17 ago. 2021
A Resilient Leader: why admitting your mistakes can make you a better leader
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Great leaders see mistakes as an opportunity to learn and overcome, rather than a setback. It’s a worthwhile endevour, and a valuable way to demonstrate the qualities that will make you a leader to trust. It should help position you to make the tough decisions and shape you as a leader, determined to come back even stronger.
Often the path to being a successful leader will not be smooth. We all make mistakes. That much is clear. We might not all make the cataclysmic errors that bring down companies, but we will all get things wrong, to some degree, this week or next. But it’s what you do with failure and how you use it to propel you in a positive way, is the key factor that defines your character; both at the individual and the organisational level.
As Ralph Waldo Emerson once said,
“We aim above the mark to hit the mark.”
Many companies state in their strategy that it's their ambition to be a supportive learning organisation, but not all of them acknowledge that dealing with errors is a crucial factor in this. The learning potential that errors provide cannot be overlooked.
Good lessons: We learn more from failure than success.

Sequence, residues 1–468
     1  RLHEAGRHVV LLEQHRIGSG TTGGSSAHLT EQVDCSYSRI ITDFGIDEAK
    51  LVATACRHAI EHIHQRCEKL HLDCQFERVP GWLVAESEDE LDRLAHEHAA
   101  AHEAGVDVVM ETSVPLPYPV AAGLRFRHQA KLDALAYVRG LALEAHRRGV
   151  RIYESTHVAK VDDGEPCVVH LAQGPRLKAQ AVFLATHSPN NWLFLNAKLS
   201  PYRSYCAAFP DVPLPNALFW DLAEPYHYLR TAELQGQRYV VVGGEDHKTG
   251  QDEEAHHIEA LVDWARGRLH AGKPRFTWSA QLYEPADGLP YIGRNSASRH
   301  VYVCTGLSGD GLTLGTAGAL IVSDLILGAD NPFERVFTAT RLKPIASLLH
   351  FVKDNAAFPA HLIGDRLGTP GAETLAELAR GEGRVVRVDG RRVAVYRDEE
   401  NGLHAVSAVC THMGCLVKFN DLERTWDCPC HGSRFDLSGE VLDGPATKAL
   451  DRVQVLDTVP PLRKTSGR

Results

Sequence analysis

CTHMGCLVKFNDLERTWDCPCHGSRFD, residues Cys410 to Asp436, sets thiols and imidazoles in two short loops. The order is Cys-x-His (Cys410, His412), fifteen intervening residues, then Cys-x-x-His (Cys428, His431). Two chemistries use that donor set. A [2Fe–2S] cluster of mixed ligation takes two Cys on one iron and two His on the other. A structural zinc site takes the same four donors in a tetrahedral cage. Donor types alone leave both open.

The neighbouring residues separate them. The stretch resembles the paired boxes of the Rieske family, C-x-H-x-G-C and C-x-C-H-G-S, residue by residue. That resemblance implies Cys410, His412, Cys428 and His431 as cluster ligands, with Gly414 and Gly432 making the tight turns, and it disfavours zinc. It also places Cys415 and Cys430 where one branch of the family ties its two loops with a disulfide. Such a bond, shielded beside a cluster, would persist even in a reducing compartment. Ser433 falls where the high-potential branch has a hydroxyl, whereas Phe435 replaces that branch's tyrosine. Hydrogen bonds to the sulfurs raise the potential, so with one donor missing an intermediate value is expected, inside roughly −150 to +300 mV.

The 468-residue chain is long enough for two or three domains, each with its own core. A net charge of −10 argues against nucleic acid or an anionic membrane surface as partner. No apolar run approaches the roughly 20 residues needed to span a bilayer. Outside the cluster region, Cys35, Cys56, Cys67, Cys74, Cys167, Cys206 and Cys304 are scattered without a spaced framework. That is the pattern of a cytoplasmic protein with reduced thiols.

“Error culture is learning culture,” explains Silvia Eggenweiller, Odgers Berndtson Partner, “Talking about a ‘learning culture’ also has a much more positive connotation as a phrase.”
“Our whole wealth of experience consists of the mistakes we have made. We only become really good at something if we keep trying things out along the way, and sometimes fail ourselves. Covering up mistakes, on the other hand, is usually much more expensive on balance than cultivating a good culture of mistakes.”
We should look at failure for what it is: a chance to reevaluate, reexamine and ultimately come back stronger from it. It’s a priceless possibility to increase the learning ability of an organisation.
Research shows that it is highly beneficial for organisations to instill an error management culture, with several positive outcomes. The ethical behaviour of employees is enhanced, whilst the quality of service to customers and the performance of the company are both improved.
Hard to admit
But for many, the first part of this process, admitting mistakes isn’t easy. Of course, none of us like doing so, and bosses can often be particularly fearful. Aren’t they supposed to be the ones who know better, aren’t they supposed to be in their position, for precisely that reason?
67% of people hate admitting when they’re wrong. Though this is quite a large percentage, this is not entirely surprising when you consider that many corporate cultures around the world are naturally rule-oriented, with internalised controls, objectivism and planning all to the fore. It is about minimising error rather than a person-oriented culture based on trial and error. Little wonder that both individuals and giant corporates would rather hide, or at least minimise a mistake, than admit it and be open about learning from it.